Effect of sodium hypochlorite and Tooth Mousse™ on hypomineralised enamel in Molar Incisor Hypomineralisation
Although Molar Incisor Hypomineralisation (MIH) is being investigated in various parts of the world but our understanding of this entity is still quite limited. The hypomineralised enamel in MIH is weaker than normal enamel and may present with white chalky spots, yellow or brown areas. The surface may be rough with missing enamel due to post-eruptive breakdown. Teeth affected by MIH may be sensitive to cold air and foods, and mechanical stimuli like tooth brushing. Children avoid brushing the affected teeth leading to plaque accumulation which may make these teeth more susceptible to dental caries. Post-eruptive enamel breakdown also contributes to dentine exposure with increasing severity of sensitivity (Weerheijm et al, 2001a). In addition, management strategies for treating teeth affected by MIH are limited with a high failure rate of restorations. As a result of issues of sensitivity and poor long term success rate of restorations many MIH molar teeth are extracted. Saroglu et al (2006) and Venezie et al (1994) have recommended the use of sodium hypochlorite (NaOCl) to remove proteins from enamel in order to improve bonding. However, this was based on case reports without any scientific evidence of the efficacy of this pre-treatment with NaOCl. The remineralisation potential of Tooth Mousse™ (Casein Phosphopeptide-Amorphous Calcium Phosphate) has been investigated in dental caries but its efficacy in altering hypomineralised enamel has only been investigated in one study (Baroni et al, 2011). The objective of this research was to investigate the potential improvement in mechanical properties of Molar Incisor Hypomineralisation (MIH) enamel following application of Tooth Mousse™ with and without pre-treatment with NaOCl. It was hypothesised that NaOCl might remove some of the excessive organic content from MIH enamel which might improve the uptake of minerals by hypomineralised enamel. Brief study outline: Seven extracted first permanent molar teeth affected by MIH were collected from different dental practitioners around New Zealand after ethics approval from the Multi-region ethics committee. These teeth were sectioned and a total of twelve samples were obtained. All samples were subjected to three tests; laser fluorescence (LF), nanoindentation (NI) and confocal microscopy (CM). This was followed by division into four groups: Group I: Sodium hypochlorite (NaOCl) pre-treatment group Group II: Sodium hypochlorite (NaOCl) and Tooth Mousse™ treatment group Group III: No treatment group Group IV: Tooth Mousse™ treatment group The NaOCl (5 percent NaOCl for 5 minutes) pre-treatment was done in the first two groups followed by LF, NI and CM tests. All the samples were then stored for 30 days following which LF, NI and CM were repeated. The Tooth Mousse™ application was done daily and the Hank‟s solution was replenished every day. The results of this in vitro study showed based on nanoindentation and laser fluorescence that surface organic was removed from hypomineralised enamel following a single application of five percent NaOCl for five minutes. This resulted in reduction of mechanical properties of hypomineralised enamel as shown by nanoindentation testing (surface H and E reduction of upto 41% and 30% respectively). Confocal microscopy showed mixed results after NaOCl use; protein content appeared to be slightly increased after NaOCl pre-treatment in Group I whereas it was decreased in Group II. Daily application of Tooth Mousse™ for thirty days and storage in Hank‟s solution without prior NaOCl pre-treatment improved the mechanical properties of hypomineralised enamel (surface H and E improved by 258% and 226% respectively). Storing the hypomineralised teeth in Hank‟s solution also resulted in improved mechanical properties of enamel (surface H and E increased by 49% and 34% respectively). Therefore, it is not clear how much improvement in mechanical properties of hypomineralised enamel was due to Tooth Mousse™ alone. In conclusion, further investigation is needed to study the longer term effects of Tooth Mousse™ in MIH. This would be improved by investigating the enamel in an in situ design study. Also, future investigations should aim at a larger sample size as the present study only involved three samples in each group.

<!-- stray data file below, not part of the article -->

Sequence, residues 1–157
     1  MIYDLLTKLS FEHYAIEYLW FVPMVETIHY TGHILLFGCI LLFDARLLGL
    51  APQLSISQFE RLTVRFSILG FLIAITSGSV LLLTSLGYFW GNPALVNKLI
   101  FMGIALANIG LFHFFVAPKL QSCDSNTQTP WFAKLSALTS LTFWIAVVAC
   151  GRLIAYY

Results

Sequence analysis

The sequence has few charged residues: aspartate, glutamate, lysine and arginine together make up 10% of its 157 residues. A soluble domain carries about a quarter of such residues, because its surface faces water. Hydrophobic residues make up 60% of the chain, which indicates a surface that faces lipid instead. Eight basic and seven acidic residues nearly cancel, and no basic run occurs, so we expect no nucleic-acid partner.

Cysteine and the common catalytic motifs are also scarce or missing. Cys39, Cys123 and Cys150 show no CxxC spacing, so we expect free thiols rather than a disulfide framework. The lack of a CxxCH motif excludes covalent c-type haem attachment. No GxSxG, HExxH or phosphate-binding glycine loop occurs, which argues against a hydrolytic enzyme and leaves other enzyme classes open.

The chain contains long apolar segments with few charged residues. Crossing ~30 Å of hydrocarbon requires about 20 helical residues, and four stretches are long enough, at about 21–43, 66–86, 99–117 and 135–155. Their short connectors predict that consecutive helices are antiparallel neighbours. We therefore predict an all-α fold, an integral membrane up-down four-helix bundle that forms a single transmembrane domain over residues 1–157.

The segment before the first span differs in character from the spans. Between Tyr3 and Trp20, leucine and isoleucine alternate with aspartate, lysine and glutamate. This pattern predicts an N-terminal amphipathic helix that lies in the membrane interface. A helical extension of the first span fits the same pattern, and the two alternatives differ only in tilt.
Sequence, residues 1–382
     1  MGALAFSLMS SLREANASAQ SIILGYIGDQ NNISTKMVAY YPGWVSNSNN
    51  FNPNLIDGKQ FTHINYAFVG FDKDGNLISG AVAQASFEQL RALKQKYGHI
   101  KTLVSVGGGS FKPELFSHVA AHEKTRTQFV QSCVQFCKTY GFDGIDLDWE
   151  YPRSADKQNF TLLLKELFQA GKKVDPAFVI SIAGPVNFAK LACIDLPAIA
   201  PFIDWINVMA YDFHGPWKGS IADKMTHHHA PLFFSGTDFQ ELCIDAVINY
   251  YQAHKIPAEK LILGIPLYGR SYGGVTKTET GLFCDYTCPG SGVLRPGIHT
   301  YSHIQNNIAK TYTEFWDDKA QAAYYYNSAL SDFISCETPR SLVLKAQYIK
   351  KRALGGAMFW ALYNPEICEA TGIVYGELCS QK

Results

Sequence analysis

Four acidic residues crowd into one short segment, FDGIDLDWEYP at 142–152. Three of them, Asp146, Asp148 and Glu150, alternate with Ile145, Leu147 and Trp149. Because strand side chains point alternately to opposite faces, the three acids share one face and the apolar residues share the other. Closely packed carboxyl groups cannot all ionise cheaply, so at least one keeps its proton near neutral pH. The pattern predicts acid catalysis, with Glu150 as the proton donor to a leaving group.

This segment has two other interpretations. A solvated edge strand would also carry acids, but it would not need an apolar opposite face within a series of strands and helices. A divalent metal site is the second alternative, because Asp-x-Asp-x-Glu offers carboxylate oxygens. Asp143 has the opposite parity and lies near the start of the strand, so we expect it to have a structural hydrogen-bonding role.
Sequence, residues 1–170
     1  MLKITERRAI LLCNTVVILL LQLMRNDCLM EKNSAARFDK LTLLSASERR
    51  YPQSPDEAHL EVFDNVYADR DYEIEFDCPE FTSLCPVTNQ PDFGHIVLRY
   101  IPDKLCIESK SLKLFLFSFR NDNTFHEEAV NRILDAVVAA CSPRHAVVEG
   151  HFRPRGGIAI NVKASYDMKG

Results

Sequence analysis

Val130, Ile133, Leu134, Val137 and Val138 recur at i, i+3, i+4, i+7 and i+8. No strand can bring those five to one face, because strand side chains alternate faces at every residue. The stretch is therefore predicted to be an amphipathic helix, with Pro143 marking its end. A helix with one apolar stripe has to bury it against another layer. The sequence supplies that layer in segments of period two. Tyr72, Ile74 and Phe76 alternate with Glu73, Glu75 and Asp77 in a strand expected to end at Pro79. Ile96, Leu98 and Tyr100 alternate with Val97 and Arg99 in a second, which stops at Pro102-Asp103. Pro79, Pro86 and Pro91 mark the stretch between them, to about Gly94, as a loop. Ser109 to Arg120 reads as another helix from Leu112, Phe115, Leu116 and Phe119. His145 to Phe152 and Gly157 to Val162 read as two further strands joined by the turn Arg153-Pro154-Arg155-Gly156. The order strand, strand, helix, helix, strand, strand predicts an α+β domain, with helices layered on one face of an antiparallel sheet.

Advisor: Drummond, Bernadette; Swain, Michael; Kieser, Jules
Degree Name: Doctor of Clinical Dentistry
Degree Discipline: Oral Sciences, School of Dentistry
Publisher: University of Otago
Keywords: MIH; Hypomineralisation
Research Type: Thesis